Exploring the consequences of social defeat stress and intermittent ethanol drinking on dopamine dynamics in the rat nucleus accumbens

Sci Rep. 2018 Jan 10;8(1):332. doi: 10.1038/s41598-017-18706-y.


The current study aimed to explore how presynaptic dopamine (DA) function is altered following brief stress episodes and chronic ethanol self-administration and whether these neuroadaptations modify the acute effects of ethanol on DA dynamics. We used fast-scan cyclic voltammetry to evaluate changes in DA release and uptake parameters in rat nucleus accumbens brain slices by analyzing DA transients evoked through single pulse electrical stimulation. Adult male rats were divided into four groups: ethanol-naïve or ethanol drinking (six week intermittent two-bottle choice) and stressed (mild social defeat) or nonstressed. Results revealed that the mild stress significantly increased DA release and uptake in ethanol-naïve subjects, compared to nonstressed controls. Chronic ethanol self-administration increased the DA uptake rate and occluded the effects of stress on DA release dynamics. Bath-applied ethanol decreased stimulated DA efflux in a concentration-dependent manner in all groups; however, the magnitude of this effect was blunted by either stress or chronic ethanol, or by a combination of both procedures. Together, these findings suggest that stress and ethanol drinking may promote similar adaptive changes in accumbal presynaptic DA release measures and that these changes may contribute to the escalation in ethanol intake that occurs during the development of alcohol use disorder.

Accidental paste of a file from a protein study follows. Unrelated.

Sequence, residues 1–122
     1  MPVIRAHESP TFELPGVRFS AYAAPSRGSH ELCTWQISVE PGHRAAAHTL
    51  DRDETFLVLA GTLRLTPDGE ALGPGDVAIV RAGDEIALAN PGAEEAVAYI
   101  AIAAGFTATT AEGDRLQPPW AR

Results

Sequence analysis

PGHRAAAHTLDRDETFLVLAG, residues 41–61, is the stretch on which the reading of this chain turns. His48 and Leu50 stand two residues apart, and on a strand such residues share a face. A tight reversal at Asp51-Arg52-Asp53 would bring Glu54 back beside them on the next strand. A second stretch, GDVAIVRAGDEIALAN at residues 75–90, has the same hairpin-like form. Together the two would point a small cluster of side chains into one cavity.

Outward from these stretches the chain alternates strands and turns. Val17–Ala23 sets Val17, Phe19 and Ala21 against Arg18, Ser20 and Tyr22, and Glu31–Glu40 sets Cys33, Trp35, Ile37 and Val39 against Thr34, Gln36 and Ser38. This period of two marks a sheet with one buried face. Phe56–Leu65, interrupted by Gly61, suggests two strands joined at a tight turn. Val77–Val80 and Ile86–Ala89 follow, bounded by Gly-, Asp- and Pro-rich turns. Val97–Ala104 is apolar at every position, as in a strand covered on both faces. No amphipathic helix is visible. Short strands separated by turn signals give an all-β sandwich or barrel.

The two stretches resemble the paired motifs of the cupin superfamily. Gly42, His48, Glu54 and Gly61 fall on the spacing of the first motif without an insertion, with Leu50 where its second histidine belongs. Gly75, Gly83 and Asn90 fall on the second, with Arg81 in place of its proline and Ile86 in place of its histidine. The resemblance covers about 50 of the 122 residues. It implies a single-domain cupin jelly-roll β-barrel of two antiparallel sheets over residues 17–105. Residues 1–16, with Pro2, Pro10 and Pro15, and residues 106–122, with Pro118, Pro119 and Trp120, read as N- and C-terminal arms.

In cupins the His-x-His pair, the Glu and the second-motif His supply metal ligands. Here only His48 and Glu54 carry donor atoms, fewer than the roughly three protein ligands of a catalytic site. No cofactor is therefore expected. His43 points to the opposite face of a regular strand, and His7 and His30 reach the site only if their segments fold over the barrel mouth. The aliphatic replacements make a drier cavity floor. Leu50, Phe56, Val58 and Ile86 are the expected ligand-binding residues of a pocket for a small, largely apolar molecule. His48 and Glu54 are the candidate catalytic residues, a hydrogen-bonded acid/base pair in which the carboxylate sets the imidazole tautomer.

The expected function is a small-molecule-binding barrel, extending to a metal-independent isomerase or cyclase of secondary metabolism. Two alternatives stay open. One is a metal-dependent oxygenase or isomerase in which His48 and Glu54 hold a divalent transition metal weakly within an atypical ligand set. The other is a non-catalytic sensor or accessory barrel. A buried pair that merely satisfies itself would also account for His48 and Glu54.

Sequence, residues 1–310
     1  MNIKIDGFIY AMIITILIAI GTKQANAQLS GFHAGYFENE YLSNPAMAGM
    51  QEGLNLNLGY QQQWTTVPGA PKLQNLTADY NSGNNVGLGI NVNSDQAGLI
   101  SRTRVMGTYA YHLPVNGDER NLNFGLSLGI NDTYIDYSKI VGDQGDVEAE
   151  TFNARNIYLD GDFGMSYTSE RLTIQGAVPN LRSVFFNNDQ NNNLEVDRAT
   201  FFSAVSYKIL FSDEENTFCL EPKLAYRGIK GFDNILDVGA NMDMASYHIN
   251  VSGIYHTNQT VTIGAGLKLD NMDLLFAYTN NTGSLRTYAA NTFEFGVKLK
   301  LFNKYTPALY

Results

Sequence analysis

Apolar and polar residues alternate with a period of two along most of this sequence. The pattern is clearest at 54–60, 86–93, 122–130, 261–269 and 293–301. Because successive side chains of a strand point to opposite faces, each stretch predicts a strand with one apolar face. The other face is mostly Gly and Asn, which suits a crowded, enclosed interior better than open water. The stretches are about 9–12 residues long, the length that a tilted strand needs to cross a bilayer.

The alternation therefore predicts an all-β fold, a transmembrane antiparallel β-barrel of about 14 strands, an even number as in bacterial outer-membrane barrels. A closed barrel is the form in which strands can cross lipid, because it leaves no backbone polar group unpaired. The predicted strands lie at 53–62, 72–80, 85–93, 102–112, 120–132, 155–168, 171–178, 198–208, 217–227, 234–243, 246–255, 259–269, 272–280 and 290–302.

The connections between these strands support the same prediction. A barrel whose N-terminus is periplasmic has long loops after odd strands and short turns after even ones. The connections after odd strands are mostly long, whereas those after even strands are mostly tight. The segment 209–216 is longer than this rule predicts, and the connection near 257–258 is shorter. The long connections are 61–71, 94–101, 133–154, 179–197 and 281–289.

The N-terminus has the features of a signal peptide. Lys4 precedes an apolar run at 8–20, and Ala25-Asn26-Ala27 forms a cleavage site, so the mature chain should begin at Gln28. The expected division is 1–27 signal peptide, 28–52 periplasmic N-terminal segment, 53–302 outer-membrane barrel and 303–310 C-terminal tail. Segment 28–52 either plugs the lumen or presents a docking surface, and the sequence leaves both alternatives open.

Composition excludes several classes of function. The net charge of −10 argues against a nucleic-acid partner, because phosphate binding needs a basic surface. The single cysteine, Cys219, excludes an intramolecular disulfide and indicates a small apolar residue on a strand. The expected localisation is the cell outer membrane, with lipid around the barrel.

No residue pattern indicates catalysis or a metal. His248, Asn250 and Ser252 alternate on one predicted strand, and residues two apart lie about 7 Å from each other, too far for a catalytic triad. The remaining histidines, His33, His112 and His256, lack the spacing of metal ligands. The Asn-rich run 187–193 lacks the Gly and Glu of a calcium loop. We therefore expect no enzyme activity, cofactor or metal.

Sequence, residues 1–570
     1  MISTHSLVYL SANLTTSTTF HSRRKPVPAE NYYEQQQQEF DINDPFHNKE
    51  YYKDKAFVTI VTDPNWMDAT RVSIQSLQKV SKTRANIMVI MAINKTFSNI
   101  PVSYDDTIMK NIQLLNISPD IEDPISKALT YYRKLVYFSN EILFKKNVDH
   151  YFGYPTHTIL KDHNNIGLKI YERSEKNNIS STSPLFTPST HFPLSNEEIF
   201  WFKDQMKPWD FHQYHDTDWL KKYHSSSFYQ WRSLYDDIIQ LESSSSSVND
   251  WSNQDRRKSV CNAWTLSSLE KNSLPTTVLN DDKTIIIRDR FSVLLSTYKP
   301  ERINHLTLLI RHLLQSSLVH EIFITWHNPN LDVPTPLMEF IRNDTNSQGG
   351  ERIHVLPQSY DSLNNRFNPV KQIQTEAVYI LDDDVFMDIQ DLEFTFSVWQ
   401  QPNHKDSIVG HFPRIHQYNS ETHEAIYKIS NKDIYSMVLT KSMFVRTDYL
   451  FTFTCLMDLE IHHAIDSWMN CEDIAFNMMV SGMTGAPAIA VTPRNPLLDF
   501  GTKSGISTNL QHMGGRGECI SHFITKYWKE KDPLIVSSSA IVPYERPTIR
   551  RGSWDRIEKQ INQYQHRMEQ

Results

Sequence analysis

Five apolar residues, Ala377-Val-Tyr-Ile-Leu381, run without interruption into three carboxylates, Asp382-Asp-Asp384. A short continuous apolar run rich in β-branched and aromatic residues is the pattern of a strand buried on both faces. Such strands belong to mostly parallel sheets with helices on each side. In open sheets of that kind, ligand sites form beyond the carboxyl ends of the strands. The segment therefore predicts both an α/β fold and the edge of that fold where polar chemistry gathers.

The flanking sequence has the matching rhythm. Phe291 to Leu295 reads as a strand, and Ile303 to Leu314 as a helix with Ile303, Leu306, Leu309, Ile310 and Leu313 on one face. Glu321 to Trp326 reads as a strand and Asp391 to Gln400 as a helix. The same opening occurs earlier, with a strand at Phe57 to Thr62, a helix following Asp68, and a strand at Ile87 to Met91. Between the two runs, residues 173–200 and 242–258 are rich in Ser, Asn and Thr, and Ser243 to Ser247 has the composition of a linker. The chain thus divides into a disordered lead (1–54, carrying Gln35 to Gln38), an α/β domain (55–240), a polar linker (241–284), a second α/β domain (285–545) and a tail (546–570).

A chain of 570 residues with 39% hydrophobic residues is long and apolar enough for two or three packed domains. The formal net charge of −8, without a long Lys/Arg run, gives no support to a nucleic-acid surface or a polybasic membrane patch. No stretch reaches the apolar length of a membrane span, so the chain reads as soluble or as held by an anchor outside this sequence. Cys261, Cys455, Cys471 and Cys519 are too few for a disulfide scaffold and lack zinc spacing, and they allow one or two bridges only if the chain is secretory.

Publication types

  • Research Support, N.I.H., Extramural
  • Research Support, Non-U.S. Gov't

MeSH terms

  • Alcohol Drinking / metabolism*
  • Alcohol Drinking / psychology
  • Animals
  • Biomarkers
  • Dopamine / metabolism*
  • Male
  • Nucleus Accumbens / metabolism*
  • Nucleus Accumbens / physiopathology
  • Rats
  • Self Administration
  • Stress, Psychological*


  • Biomarkers
  • Dopamine